Alexandra is a Biology major, Angier B. Duke Memorial Scholar and Rachel Carson Scholar at Duke University, NC. A rising senior and an undergraduate researcher at the Duke Marine Robotics and Remote Sensing Laboratory, Alexandra utilizes drones to study the distribution and density of coastal sharks in the nearshore waters of North Carolina.

In July 2019, Alexandra was an invited speaker at an undergraduate drones course hosted by the Marine Robotics and Remote Sensing Laboratory. Alexandra gave presentations, worked with students to learn common softwares for analyzing drone imagery, and introduced students to her research by bringing them out into the field during transects.

DiGiacomo volunteers with the Duke Marine Lab community science program which works with local Boys and Girls club students to teach about the local marine environment and is the 2019-2020 President of Sustainable Oceans Alliance Mission.

Alexandra also studies classical voice and is a member the acapella group, Duke DejaBlue.

In late spring 2019, DiGiacomo was part of a team using drones to monitor mangrove habitats in Belize inspiring her to embark on her own drone research. The project worked to help local organization to evaluate threats facing Belize mangrove forests. The team conducted over 100 drone flights over the course of three weeks.

In summer 2019, DiGiacomo became an FAA certified Remote Pilot and purchased a Phantom 4 Pro drone using a research grant which she aptly named “Genie” after Eugenie Clark. Her second drone is named "Rose" after Rosalind Franklin. DiGiacomo pilots the drone around coastlines near the Duke Marine Lab looking to identify, measure and analyze local sharks. Daily, at Sunrise and sunset, Alexandra conducts 1km transects to identify spatial hotspots for coastal sharks and gather data on their movement patterns. Surveying across three coastal habitats: salt marsh, oyster reef and sandy beach, DiGiacomo seeks to understand if coastal sharks are demonstrating habitat preferences.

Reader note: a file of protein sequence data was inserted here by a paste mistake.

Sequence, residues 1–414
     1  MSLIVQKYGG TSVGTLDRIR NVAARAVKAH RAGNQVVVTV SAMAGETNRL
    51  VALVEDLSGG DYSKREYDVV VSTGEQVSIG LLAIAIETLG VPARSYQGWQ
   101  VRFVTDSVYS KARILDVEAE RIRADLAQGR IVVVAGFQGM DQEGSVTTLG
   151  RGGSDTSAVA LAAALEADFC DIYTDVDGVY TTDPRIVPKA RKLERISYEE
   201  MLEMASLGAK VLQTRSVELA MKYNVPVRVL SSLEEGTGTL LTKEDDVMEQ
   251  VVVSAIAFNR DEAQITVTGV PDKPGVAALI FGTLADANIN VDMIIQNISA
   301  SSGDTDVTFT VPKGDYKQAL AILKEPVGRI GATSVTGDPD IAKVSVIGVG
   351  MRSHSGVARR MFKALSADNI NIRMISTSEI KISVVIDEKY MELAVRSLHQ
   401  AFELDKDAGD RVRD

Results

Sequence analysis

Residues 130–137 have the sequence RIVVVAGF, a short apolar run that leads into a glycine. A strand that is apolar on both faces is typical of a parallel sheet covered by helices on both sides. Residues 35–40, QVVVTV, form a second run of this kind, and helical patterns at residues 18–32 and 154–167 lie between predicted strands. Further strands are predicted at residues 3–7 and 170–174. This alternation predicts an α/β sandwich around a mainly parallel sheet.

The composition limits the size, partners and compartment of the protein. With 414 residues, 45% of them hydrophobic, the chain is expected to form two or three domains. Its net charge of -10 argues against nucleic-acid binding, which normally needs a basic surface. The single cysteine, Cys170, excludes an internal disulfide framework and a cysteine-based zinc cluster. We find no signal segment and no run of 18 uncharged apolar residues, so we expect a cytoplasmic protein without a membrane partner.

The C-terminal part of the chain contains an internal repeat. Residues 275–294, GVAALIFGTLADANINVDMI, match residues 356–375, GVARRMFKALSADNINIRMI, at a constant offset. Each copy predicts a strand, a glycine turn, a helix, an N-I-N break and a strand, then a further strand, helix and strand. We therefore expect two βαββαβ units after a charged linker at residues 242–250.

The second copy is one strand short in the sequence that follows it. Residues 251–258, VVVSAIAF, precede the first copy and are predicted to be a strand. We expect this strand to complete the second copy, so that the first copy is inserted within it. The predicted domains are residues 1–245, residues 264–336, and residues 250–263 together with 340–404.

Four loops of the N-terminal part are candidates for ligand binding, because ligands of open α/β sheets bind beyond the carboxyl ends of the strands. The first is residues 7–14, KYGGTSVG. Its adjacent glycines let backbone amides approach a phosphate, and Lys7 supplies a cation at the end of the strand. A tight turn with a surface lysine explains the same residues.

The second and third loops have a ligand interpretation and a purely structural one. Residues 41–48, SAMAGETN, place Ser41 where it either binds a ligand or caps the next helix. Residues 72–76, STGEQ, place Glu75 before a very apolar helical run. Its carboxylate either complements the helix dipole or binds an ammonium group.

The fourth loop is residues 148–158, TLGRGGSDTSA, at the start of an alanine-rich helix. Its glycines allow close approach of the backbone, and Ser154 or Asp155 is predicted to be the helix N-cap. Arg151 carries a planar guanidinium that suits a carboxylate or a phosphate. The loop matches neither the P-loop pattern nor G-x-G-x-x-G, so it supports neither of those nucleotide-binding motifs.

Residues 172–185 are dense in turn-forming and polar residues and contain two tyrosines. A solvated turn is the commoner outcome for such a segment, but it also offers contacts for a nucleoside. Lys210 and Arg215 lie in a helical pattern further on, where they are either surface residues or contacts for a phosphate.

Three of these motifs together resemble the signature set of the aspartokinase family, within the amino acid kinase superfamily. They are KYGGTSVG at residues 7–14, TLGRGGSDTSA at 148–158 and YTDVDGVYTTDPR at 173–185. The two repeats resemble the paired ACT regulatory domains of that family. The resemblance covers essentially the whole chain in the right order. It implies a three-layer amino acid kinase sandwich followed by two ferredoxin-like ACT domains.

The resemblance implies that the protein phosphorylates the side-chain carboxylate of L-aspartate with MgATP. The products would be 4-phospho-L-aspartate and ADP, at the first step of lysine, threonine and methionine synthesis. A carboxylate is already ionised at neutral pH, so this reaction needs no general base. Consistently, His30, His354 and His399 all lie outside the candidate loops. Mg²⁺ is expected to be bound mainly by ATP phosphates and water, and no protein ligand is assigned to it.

Back in the lab, Alexandra combines the survey data with environmental data like water temperature, air temperature, water depth, and bathymetry (structure/slope of the bottom surface) to understand what environmental factors encourage high shark density. DiGiacomo works across multiple video processing softwares to analyze the resulting videos, and uses computer science to synthesize the resulting data. This project is DiGiacomo's senior thesis in Biology at Duke.

DiGiacomo has studied shark behavior at Oceans Research, South Africa and Shark Behavior & Conservation at the Shark Reef Marine Reserve, Fiji. Interning as a summer high school student at the Shinnecock Bay Restoration Program, Stony Brook University Southampton School of Marine and Atmospheric Sciences Lab, she was acknowledged in Fisheries Vol. 41 essay: "Defining Forage Species to Prevent a Management Dilemma."

Attending Ridgefield High School in Connecticut, a National Merit Scholar, she received the President’s Volunteer Service Award in 2013. 2014, and 2015, Water Quality Medal in the Science Olympiad, and The Gold Award: the highest award in Scouting. Alexandra was honored to receive the Shaw-Worth Memorial Scholarship from the Humane Society in 2014.  Her hobbies include musical theater, captain of two a cappella groups, madrigals, dance, and mock trial.

Dive certifications including Rescue Diver, Advanced Open Water, Search & Recovery, Emergency First Responder, AWARE Shark Conservation, Underwater Navigator, Fish ID, Emergency Oxygen Provider, and Underwater Naturalist. Thrilled to be recently named a Junior Shark Ambassador at Sharks4Kids and a shark tank diver at the Norwalk Maritime Aquarium in Connecticut.

Learn more about Alexandra’s children’s book, here and line of ocean-inspired tapestries. pillows, and tee shirts, here.
Proceeds are donated to shark and ocean conservation.

Alexandra DiGiacomo in the press